# Discrete topology on an uncountable set

• Apr 9th 2011, 02:22 PM
magus
Discrete topology on an uncountable set
Prove that the discrete topology on an uncountable set does not satisfy the second axiom of countability.

The hint says: It is not enough to prove that one basis is uncountable but every basis is uncountable.

I can however only think of one possible basis and it's uncountable: $\displaystyle \{\{x\}|x\in X\}$

• Apr 9th 2011, 02:31 PM
magus
As soon as I typed it out I thought of other baseses (what's the plural for this)?

Every basis though has to contain that basis so it will be uncountable. Is that right?
• Apr 9th 2011, 11:02 PM
Drexel28
Quote:

Originally Posted by magus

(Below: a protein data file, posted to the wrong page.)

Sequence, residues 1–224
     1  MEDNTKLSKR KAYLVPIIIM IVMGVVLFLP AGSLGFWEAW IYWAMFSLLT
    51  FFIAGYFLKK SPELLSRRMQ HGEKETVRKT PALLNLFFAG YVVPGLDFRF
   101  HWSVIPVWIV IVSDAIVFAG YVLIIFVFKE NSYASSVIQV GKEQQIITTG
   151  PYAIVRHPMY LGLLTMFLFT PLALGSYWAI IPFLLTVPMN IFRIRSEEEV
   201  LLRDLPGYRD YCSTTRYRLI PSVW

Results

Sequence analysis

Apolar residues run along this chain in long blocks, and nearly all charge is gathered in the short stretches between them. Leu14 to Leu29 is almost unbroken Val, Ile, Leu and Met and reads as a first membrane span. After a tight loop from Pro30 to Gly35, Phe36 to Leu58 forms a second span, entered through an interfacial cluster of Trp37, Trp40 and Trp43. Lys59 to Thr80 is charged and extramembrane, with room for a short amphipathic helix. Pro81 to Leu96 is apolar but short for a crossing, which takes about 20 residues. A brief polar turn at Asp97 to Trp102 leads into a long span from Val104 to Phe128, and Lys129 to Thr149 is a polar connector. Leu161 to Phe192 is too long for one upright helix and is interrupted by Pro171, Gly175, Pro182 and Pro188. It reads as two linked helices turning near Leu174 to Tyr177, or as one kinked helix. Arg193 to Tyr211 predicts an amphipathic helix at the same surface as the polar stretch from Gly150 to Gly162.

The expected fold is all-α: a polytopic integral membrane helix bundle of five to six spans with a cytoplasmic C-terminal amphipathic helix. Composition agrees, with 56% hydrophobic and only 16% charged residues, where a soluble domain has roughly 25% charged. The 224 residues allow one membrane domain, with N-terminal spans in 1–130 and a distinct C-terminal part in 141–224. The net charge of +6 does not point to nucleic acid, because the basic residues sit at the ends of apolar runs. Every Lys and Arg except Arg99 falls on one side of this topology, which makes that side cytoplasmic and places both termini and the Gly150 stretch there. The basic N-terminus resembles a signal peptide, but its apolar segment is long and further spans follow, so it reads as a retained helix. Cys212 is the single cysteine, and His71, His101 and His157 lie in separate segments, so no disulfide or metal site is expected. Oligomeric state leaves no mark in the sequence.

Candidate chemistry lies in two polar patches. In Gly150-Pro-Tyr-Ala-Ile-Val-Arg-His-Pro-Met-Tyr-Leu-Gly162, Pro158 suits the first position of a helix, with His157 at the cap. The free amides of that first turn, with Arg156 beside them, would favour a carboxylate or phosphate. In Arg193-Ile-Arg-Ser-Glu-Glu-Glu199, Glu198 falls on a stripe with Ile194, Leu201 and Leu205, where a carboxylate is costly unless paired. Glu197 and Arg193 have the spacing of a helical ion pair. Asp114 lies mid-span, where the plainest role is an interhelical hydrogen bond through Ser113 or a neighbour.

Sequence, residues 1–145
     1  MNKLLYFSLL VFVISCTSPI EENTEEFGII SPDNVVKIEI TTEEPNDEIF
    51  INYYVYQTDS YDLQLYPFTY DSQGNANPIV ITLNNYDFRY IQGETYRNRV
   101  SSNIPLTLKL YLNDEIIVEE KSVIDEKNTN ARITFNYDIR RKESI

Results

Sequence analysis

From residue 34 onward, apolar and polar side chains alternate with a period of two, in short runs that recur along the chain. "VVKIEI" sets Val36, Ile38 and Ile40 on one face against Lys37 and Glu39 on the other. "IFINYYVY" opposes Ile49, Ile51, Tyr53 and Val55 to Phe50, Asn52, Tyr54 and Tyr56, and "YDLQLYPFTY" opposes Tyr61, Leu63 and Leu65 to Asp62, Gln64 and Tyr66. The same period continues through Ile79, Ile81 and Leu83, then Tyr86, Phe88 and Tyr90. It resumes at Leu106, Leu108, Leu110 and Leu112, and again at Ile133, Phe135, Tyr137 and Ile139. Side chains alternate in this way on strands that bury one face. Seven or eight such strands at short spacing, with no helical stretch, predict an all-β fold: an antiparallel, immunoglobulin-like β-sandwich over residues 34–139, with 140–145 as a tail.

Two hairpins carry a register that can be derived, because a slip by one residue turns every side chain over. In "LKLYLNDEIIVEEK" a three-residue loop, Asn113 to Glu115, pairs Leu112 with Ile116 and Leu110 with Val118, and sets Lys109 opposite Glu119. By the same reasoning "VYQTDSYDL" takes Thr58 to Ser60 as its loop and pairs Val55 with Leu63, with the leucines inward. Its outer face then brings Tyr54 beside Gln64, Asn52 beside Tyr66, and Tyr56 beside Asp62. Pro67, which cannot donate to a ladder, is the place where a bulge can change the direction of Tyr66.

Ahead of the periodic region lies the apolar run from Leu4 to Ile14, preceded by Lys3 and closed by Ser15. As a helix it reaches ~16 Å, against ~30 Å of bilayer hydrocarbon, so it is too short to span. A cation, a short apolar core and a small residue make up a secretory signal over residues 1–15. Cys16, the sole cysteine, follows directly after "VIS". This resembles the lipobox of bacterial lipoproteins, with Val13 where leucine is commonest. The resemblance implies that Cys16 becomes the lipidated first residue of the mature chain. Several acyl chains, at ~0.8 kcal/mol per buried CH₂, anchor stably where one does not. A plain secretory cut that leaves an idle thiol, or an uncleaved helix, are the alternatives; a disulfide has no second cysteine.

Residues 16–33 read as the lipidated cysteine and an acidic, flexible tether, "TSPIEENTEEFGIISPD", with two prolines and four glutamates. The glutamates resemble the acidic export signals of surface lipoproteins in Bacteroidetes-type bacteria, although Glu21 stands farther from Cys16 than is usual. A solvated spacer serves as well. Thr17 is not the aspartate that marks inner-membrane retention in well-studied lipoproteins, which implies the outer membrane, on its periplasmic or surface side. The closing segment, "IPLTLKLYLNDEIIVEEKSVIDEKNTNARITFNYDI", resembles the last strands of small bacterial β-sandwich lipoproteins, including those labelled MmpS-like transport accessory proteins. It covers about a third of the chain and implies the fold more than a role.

As soon as I typed it out I thought of other baseses (what's the plural for this)?

Every basis though has to contain that basis so it will be uncountable. Is that right?

Bases.

The easy proof is that if it were second countable then it would be separable and so have a countable dense subset but (evidently?) the only dense subset is the full space which is uncountable.
• Apr 10th 2011, 06:02 AM
magus
I'm not sure what separable means and I don't think I can use that.
• Apr 10th 2011, 09:54 AM
Drexel28
Quote:

Originally Posted by magus
I'm not sure what separable means and I don't think I can use that.

It means countable dense set and I bet you can.